Downstream experts set for Yanbu forum

Updated 03 March 2014
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Downstream experts set for Yanbu forum

Top government and private sector leaders gather in Yanbu on Tuesday to focus on ways to grow the Kingdom’s petroleum downstream industries.
The Royal Commission for Yanbu and Jubail (RCYJ) hosts the third edition of Saudi Downstream, the Kingdom’s refining and petrochemical forum.
The opening ceremony of the two-day forum includes a welcome address by Prince Saud bin Abdullah bin Thunayyan Al-Saud, chairman of the RCYJ, followed by a session on the importance of downstream industries in maintaining and developing a sustainable national economy.
This session will feature Ali Al-Naimi, minister of petroleum and mineral resources, Abdullatif Al-Othman, governor of the Saudi Arabian General Investment Authority (SAGIA), Khalid bin Saleh Al-Mudaifer, president and chief executive officer of Saudi Arabian Mining Company (Maaden), and Mubarak Al-Khafra, chairman of Tasnee.
Other participants include Alaa Nassif, executive president of the RCYJ, Muhammad H. Al-Mady, vice-chairman and CEO of Saudi Basic Industries Corporation (SABIC), and Azzam Shalabi, president of the National Industrial Clusters Development Program.
The sessions will look at ways to develop and sustain private and public partnerships. There will also be three workshops focusing on investment opportunities in Jubail, Yanbu and Ras-Al-Khair, including solar and lubricant industries.
The exhibition area is open to the public and will have the displays of 40 international companies looking to cement their positions in one of the Kingdom’s most lucrative markets.
A new addition to the forum this year will be a pavilion on small and medium businesses, sponsored by Maaden.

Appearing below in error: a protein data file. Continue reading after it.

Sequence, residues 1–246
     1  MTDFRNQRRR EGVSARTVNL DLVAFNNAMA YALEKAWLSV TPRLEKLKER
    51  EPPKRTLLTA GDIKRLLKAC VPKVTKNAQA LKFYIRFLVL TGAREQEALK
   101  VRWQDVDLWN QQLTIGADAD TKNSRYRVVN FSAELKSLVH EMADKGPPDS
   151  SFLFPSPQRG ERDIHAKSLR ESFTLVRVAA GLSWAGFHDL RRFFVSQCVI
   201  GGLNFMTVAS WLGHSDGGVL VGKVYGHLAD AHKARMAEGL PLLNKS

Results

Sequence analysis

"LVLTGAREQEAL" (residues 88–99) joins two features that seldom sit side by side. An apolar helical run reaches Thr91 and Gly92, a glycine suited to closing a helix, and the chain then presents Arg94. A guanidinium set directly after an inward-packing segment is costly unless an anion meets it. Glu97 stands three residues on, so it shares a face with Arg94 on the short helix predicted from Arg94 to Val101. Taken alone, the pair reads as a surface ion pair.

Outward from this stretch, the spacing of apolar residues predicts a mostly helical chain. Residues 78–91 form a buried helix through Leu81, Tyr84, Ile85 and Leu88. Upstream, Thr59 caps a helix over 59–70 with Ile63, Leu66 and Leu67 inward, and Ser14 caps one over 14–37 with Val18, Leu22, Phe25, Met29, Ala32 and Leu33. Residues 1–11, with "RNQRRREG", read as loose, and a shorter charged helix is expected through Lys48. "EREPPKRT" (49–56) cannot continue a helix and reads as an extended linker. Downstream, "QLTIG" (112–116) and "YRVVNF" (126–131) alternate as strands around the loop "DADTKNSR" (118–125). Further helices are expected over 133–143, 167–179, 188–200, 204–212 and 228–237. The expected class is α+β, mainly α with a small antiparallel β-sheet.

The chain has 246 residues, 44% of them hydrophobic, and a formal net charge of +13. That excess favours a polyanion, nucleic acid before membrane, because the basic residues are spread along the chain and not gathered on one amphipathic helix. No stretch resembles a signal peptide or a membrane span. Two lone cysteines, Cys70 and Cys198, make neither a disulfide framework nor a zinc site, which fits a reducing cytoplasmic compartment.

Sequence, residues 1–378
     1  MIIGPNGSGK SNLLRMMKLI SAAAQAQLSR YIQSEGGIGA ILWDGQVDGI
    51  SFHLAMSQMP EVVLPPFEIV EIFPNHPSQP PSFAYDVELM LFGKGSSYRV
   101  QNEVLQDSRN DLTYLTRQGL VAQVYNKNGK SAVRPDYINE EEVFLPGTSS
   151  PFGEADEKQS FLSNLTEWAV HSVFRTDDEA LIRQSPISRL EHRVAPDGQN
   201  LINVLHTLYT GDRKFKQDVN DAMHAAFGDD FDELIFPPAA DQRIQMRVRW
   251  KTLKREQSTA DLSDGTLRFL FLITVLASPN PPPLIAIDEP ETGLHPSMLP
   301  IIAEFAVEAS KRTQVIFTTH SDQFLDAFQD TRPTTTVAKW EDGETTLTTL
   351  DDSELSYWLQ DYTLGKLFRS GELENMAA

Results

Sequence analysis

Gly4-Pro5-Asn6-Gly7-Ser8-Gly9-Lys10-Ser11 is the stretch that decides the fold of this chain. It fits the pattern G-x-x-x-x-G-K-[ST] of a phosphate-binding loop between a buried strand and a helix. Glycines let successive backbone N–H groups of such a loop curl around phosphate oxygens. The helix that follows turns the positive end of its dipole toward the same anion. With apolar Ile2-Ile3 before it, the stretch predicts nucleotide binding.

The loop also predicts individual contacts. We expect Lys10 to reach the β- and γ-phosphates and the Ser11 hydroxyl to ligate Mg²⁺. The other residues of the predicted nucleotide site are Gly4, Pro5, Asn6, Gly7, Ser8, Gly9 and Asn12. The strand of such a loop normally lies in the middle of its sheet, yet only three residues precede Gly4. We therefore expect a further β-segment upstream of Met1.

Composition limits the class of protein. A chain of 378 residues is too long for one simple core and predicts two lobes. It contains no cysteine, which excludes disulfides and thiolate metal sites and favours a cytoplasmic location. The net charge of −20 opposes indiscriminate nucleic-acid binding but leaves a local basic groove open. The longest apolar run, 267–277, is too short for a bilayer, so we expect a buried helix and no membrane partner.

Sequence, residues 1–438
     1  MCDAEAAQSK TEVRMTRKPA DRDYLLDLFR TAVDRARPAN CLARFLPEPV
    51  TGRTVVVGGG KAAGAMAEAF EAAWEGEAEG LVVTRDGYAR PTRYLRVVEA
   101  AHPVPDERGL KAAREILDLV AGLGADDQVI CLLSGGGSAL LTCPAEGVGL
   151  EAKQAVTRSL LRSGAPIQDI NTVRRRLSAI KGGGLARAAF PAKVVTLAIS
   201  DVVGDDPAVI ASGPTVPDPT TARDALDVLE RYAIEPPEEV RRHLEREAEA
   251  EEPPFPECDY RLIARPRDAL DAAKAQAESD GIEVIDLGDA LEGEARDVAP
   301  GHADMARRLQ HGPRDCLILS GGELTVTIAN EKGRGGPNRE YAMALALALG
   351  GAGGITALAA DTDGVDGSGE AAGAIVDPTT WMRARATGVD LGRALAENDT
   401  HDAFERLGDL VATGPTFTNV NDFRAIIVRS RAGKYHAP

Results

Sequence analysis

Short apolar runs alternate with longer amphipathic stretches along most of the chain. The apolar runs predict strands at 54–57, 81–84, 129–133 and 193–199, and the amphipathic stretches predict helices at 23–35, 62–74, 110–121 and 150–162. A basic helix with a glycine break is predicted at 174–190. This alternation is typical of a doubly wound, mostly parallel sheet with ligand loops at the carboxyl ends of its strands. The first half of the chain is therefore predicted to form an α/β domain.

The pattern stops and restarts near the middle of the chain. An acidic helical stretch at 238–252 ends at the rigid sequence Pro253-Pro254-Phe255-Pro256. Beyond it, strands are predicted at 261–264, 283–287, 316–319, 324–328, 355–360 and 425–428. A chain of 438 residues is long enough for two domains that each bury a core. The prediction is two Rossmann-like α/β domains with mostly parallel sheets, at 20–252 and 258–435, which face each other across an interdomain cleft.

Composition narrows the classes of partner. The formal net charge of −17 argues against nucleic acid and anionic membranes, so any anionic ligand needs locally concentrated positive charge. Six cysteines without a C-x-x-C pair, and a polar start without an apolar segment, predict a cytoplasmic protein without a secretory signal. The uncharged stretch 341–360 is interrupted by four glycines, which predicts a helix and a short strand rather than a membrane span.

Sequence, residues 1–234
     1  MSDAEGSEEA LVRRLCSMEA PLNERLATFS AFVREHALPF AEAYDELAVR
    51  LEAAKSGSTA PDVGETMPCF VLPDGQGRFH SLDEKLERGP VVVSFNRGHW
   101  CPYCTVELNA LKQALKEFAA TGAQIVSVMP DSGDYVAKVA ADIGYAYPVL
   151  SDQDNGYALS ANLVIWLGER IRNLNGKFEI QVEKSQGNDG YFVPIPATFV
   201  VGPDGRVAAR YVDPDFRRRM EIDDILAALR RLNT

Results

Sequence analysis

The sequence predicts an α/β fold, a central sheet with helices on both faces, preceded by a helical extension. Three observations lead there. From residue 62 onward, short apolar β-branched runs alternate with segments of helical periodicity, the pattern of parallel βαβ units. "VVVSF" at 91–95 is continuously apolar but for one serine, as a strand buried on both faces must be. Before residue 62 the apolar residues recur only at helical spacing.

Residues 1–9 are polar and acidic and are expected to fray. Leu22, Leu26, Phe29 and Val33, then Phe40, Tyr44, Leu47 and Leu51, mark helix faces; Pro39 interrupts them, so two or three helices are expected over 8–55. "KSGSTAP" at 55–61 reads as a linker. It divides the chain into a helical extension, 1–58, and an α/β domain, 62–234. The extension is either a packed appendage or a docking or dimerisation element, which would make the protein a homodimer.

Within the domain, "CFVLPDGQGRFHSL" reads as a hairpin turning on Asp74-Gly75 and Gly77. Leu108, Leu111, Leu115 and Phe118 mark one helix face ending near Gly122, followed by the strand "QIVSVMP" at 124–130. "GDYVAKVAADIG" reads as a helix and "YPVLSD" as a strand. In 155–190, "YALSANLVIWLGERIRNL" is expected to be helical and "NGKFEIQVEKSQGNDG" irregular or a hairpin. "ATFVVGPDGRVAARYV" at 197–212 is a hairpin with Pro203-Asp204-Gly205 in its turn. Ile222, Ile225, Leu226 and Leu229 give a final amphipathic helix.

Nassif said there has been a total of SR150 billion invested in the Yanbu Industrial City, with 175 manufacturing plants set up.
Day two of the forum includes various workshops on “positioning Saudi Arabia as a business and industrial hub serving the region,” according to the forum’s website.
The aim is to highlight “expansion in the industrial cities and assess which new industries will best complement the existing services within Saudi Arabia and create a development plan to incorporate these into future planning.”


Iran says Japan has started process of importing Iranian oil

Updated 21 January 2019
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Iran says Japan has started process of importing Iranian oil

  • Exemptions have been granted to Iran's biggest oil clients - Japan, China, India, South Korea, Taiwan, Italy, Greece and Turkey
  • Iranian oil accounted for 5.3 percent of Japan's total crude imports in 2018

LONDON: Japan has started the process of importing Iranian oil, which was suspended due to U.S. sanctions, the governor of Iran's central bank said on Monday.
The resumption of oil imports comes after Tokyo was granted a waiver from U.S. sanctions that went into effect in November. Iran is the fourth-largest oil producer among the members of the Organization of the Petroleum Exporting Countries.
"After China, South Korea, India and Turkey, Japan also started the process of importing Iranian oil," Abdolnaser Hemmati was quoted as saying by the state news agency IRNA.
Iran's oil exports have fallen sharply since U.S. President Donald Trump said in May 2018 the United States would withdraw from a pact curtailing Iran's disputed nuclear programme and reimpose sanctions on Tehran.
However, exemptions have been granted to Iran's biggest oil clients - Japan, China, India, South Korea, Taiwan, Italy, Greece and Turkey - which allow them to import some oil for another 180 days.
Iranian oil accounted for 5.3 percent of Japan's total crude imports in 2018.